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ARQUERO vs COURT OF APPEALS

GR No. 168053
September 21, 2011

Doctrine: The petitioner who files the action in his name must prove that he is entitled to the
subject public office.

Petitioner: Rebecca Arquero

Respondent: COURT OF APPEALS (Former Thirteenth Division); EDILBERTO C. DE JESUS, in his


capacity as Secretary of the Department of Education; DR. PARALUMAN GIRON, Director,
Regional Office IV-MIMAROPA, Department of Education; DR. EDUARDO LOPEZ, Schools Division
Superintendent, Puerto Princesa City; and NORMA BRILLANTES

Facts:
On October 2, 2003, petitioner filed the Petition for Quo Warranto with Prayer for Issuance of
Temporary Restraining Order and/or Injunctive Writ before the RTC of Palawan against public
and private respondents. The case was docketed as Civil Case No. 3854. Petitioner argued that
the designation of private respondent deprived her of her right to exercise her function and
perform her duties in violation of her right to security of tenure. Considering that petitioner was
appointed in a permanent capacity, she insisted that private respondent’s designation as OIC of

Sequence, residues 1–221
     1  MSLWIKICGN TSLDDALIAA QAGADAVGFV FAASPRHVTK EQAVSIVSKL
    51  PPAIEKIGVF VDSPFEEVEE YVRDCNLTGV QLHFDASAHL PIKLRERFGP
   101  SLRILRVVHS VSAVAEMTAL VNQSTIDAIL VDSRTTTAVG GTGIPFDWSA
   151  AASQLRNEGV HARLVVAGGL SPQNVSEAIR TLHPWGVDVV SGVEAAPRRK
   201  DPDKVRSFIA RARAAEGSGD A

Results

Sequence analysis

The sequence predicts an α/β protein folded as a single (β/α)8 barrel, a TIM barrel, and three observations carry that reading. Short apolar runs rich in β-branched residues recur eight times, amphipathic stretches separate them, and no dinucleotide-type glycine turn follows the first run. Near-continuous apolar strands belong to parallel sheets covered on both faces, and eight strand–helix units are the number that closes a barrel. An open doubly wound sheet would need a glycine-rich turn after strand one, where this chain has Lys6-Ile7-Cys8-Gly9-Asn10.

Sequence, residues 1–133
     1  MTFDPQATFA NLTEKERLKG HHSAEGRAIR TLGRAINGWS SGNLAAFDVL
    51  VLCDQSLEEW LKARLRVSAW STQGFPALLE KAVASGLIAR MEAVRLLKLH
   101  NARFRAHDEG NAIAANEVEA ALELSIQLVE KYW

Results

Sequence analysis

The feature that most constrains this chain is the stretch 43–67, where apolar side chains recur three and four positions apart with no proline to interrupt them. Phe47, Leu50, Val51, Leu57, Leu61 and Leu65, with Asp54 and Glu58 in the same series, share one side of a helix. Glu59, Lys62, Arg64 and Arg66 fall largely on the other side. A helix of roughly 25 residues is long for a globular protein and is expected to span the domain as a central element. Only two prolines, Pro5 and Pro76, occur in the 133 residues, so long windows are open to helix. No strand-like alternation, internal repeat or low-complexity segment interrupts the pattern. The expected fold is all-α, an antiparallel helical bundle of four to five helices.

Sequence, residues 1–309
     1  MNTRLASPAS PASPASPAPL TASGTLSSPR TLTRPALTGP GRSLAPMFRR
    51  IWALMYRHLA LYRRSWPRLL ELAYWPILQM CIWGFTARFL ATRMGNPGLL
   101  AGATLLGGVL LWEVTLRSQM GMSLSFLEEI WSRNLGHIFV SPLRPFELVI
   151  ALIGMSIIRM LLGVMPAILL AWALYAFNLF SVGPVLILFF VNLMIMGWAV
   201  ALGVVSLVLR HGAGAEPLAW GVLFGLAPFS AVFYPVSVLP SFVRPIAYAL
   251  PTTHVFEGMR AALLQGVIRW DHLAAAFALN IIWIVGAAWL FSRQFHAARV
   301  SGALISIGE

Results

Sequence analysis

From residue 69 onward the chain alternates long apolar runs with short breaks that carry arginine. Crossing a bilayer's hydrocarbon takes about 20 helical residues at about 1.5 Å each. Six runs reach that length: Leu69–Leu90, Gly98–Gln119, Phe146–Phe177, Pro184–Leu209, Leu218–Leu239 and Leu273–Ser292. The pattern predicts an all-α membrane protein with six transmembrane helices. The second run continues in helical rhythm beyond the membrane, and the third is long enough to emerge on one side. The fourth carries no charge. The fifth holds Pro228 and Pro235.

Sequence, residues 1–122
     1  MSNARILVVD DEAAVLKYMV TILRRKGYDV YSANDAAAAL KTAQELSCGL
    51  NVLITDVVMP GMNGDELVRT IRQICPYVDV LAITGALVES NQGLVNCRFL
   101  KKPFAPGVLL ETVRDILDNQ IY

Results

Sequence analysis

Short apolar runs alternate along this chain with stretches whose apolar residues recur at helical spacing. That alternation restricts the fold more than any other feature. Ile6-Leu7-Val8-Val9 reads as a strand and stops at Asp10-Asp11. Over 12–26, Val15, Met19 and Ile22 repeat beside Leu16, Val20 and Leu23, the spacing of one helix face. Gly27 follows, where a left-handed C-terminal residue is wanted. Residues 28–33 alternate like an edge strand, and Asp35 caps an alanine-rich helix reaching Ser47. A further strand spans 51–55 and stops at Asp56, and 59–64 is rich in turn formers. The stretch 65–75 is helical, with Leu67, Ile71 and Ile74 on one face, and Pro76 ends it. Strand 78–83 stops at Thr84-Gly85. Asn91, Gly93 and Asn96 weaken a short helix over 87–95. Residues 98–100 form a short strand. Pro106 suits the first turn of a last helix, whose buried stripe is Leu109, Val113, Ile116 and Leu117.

the PNS is null and void there being no vacancy to the position. Petitioner thus prayed that the
RTC issue an order granting the writ of quo warranto enjoining private respondent from
assuming the position of OIC of the PNS, declaring the questioned designation null and void and
without operative effect, and declaring petitioner to be entitled to the office of the principal of
the PNS.

Issue:
Whether or not petitioner has a right to institute this quo warranto proceeding as to the
contested public office and oust private respondent from enjoyment thereof

Ruling:
Yes. A quo warranto proceeding is the proper legal remedy to determine the right or title to the
contested public office and to oust the holder from its enjoyment. It is brought against the
person who is alleged to have usurped, intruded into, or unlawfully held or exercised the public
office. It may be brought by the Republic of the Philippines or by the person claiming to be
entitled to such office. In quo warranto, the petitioner who files the action in his name must
prove that he is entitled to the subject public office. In other words, the private person suing
must show a clear right to the contested position. Otherwise, the person who holds the same
has a right to undisturbed possession and the action for quo warranto may be dismissed. It is
not even necessary to pass upon the right of the defendant who, by virtue of his appointment,
continues in the undisturbed possession of his office.